Kenya’s four-year head start partly explains the difference in adoption rates. But some industry analysts point to another reason. The two countries, both pillars of sub-Saharan Africa, have dissimilar regulatory regimes for mobile money and mobile banking.

While Kenya’s mobile revolution in financial services is being driven by Safaricom, a wireless carrier, in Nigeria it’s the banks who have taken a leadership role. In fact Nigeria’s powerful bank lobby has created a regulatory environment where telecommunications companies are prohibited from applying for mobile-banking licenses. Their role is limited to supplying the technical infrastructure that makes mobile banking possible.

Why did Nigeria and many other West African countries choose a different route than Kenya? “The lack of a central switch has made interoperability very difficult in Kenya,” says Yinka Adedeji, director of e-banking at the United Bank for Africa (UBA) in Lagos. “The transfer of money between banks has not readily been an option. Other countries in Africa have seen this weakness and decided not to replicate the Kenyan model of mobile money.”

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Adedeji, UBA: Once the banks in Kenya
agree to have a central national switch, the
monopoly of M-Pesa will be broken

UBA has acquired a modest 200,000 customers for its U-Mobile banking service since launching at the beginning of this year. The service can be self-activated with a debit or credit card by people with existing accounts; the unbanked can activate it with a prepaid card.

About 90% of the customers of U-Mobile—whose functionality will soon include money transfers from countries where UBA has operations—were already doing business with the bank. “People with bank accounts will adopt mobile banking first, and the unbanked will follow in adoption,” says Adedeji.

But whether this proves true is debatable. “The vast majority of fast-growing deployments are from mobile-network operators rather than banks,” says Penicaud of the international wireless trade association GSMA. “This highlights the importance of creating regulatory environments which allow MNOs to offer mobile-money services along with banks.”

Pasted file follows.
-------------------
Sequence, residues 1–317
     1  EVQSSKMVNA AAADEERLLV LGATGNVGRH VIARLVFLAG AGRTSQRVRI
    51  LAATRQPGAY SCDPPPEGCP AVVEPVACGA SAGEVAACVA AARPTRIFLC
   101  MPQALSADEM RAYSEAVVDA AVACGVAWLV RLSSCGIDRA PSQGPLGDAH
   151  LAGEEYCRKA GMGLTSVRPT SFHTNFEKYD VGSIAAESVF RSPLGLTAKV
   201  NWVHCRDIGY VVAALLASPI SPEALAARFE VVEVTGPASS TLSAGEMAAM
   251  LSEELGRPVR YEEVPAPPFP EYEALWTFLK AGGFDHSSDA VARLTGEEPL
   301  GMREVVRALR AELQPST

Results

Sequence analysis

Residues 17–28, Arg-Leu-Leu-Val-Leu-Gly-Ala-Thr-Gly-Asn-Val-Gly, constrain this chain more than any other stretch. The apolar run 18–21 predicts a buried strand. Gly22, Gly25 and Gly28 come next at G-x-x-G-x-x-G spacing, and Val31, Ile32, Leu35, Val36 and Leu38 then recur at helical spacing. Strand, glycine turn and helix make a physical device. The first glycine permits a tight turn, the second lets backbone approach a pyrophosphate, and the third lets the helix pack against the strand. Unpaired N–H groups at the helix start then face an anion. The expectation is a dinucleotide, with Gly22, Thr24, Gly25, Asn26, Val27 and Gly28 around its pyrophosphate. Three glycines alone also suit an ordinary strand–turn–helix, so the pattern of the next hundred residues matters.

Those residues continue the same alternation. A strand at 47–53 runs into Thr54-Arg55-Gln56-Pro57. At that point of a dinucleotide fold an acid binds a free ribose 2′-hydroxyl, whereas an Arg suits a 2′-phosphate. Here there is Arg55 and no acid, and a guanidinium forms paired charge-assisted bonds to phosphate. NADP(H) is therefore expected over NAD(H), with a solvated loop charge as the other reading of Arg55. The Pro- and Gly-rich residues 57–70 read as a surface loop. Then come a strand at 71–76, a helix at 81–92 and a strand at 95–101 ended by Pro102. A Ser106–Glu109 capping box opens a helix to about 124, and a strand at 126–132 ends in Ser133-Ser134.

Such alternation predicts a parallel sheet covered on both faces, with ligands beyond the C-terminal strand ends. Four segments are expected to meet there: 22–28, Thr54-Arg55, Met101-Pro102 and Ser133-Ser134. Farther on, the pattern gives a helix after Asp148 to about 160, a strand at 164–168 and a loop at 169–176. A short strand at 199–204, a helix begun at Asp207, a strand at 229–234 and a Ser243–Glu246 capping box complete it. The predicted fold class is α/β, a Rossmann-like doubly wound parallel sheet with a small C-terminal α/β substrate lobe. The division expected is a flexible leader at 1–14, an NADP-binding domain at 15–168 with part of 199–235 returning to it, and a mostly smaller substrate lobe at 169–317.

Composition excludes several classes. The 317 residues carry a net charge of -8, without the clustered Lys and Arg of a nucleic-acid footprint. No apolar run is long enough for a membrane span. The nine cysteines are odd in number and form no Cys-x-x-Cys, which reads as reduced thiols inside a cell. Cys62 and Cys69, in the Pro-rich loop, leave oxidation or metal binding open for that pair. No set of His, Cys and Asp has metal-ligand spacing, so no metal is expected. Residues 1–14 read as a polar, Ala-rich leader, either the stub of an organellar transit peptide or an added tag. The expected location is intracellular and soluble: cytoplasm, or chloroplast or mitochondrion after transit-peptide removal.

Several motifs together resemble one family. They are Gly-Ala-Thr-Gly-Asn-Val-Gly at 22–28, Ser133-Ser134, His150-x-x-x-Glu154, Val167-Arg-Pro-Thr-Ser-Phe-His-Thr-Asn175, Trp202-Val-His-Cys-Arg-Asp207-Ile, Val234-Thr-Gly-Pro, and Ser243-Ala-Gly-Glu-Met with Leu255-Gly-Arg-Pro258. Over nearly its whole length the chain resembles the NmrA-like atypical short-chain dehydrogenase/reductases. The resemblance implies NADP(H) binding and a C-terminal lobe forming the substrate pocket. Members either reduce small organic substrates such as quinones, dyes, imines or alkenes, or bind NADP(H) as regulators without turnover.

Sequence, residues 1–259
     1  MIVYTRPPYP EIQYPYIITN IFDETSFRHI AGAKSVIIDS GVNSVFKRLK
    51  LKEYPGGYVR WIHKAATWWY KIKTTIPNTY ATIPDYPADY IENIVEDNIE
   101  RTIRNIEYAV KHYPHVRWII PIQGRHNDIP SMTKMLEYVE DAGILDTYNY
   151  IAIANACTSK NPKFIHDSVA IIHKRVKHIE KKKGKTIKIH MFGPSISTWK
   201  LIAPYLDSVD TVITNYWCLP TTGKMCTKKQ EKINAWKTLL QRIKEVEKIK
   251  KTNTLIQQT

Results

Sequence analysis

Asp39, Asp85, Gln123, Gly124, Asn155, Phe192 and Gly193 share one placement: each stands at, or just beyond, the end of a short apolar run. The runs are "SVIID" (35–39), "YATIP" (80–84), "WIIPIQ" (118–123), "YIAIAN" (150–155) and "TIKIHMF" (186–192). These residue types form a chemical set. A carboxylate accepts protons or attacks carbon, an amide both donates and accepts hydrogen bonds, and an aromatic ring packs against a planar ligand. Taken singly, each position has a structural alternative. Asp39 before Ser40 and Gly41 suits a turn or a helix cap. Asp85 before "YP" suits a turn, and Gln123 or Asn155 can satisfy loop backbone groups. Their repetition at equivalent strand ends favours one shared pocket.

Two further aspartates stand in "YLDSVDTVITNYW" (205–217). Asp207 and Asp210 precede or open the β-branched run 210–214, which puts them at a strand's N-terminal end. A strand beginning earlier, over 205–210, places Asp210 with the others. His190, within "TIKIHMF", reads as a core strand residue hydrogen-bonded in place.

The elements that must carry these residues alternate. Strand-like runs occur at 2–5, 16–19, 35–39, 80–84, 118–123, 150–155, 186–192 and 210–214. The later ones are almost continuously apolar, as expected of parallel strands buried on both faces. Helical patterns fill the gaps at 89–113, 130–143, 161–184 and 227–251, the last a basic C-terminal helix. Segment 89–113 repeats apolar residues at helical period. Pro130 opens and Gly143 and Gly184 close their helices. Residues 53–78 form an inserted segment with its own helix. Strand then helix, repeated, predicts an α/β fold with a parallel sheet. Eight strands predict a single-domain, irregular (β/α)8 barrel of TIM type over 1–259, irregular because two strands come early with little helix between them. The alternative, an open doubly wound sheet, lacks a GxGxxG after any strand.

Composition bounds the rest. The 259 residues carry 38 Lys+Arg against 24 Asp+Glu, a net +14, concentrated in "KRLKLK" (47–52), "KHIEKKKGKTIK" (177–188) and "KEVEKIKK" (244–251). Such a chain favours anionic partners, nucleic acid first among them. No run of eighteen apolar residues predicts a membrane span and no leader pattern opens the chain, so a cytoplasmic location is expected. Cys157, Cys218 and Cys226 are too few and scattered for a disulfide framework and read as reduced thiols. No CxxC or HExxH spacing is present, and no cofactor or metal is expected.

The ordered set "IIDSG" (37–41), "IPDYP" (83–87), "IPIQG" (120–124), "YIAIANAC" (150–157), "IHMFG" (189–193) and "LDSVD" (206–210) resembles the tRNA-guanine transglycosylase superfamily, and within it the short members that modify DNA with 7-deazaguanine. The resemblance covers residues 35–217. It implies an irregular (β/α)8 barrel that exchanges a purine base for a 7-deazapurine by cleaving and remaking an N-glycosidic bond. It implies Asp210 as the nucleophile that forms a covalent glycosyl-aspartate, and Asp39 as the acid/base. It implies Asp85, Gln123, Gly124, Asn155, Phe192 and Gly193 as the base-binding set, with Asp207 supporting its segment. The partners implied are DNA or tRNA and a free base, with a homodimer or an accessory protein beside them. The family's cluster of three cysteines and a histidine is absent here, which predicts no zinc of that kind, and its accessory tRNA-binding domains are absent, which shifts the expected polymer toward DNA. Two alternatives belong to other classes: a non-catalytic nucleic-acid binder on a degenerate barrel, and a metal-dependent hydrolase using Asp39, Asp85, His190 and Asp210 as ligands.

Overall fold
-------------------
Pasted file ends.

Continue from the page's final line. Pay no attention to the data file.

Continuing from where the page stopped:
Togo-based Ecobank, the continent’s biggest pan-African bank by reach, with operations in 34 countries including Equatorial Guinea and South Sudan, is taking a hybrid approach to mobile banking. “Ecobank Mobile is working with a number of leading telco partners, together with our own technology platform, depending on the country and transaction requirements,” says Patrick Akinwuntan, Ecobank’s group executive director and head of domestic banking, representing the group’s retail, local corporate, public sector and microfinance businesses. “We’re committed to making financial services available to the underbanked and unbanked in Africa that are convenient, accessible and secure.”

Perhaps in the long run, West Africa’s focus on a central clearing house for all players will prove to be a winner, as an increasing number of banks and wireless operators get into the game. Notes Adedeji of UBA: “Once the banks in Kenya agree to have a central national switch, the monopoly of M-Pesa will be broken.”

Meantime Vermaas has advice for banks embracing mobile: “Design from the outside in. Too many banks allow suppliers or employees to dictate their strategy.” He adds: “The cost of rolling out mobile financial services is always twice what you expect, and the uptake half.”

alt ANNUAL SUPPLEMENT: AFRICA 2013